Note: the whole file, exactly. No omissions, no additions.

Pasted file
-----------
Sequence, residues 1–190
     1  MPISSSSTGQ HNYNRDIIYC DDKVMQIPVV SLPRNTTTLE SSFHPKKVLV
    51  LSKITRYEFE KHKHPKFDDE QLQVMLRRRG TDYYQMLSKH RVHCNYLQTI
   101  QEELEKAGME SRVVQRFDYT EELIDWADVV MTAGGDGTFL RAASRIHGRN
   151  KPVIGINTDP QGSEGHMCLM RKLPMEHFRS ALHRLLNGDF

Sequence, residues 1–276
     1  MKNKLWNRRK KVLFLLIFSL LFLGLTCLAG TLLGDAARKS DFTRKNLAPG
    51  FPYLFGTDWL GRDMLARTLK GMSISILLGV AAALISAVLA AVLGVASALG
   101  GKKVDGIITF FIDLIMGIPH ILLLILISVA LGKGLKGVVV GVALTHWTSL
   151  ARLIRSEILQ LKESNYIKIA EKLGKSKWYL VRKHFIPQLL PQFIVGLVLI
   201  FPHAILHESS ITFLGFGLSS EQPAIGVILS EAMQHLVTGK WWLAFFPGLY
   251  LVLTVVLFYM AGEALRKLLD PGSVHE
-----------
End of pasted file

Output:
Sequence, residues 1–190
     1  MPISSSSTGQ HNYNRDIIYC DDKVMQIPVV SLPRNTTTLE SSFHPKKVLV
    51  LSKITRYEFE KHKHPKFDDE QLQVMLRRRG TDYYQMLSKH RVHCNYLQTI
   101  QEELEKAGME SRVVQRFDYT EELIDWADVV MTAGGDGTFL RAASRIHGRN
   151  KPVIGINTDP QGSEGHMCLM RKLPMEHFRS ALHRLLNGDF

Sequence, residues 1–276
     1  MKNKLWNRRK KVLFLLIFSL LFLGLTCLAG TLLGDAARKS DFTRKNLAPG
    51  FPYLFGTDWL GRDMLARTLK GMSISILLGV AAALISAVLA AVLGVASALG
   101  GKKVDGIITF FIDLIMGIPH ILLLILISVA LGKGLKGVVV GVALTHWTSL
   151  ARLIRSEILQ LKESNYIKIA EKLGKSKWYL VRKHFIPQLL PQFIVGLVLI
   201  FPHAILHESS ITFLGFGLSS EQPAIGVILS EAMQHLVTGK WWLAFFPGLY
   251  LVLTVVLFYM AGEALRKLLD PGSVHE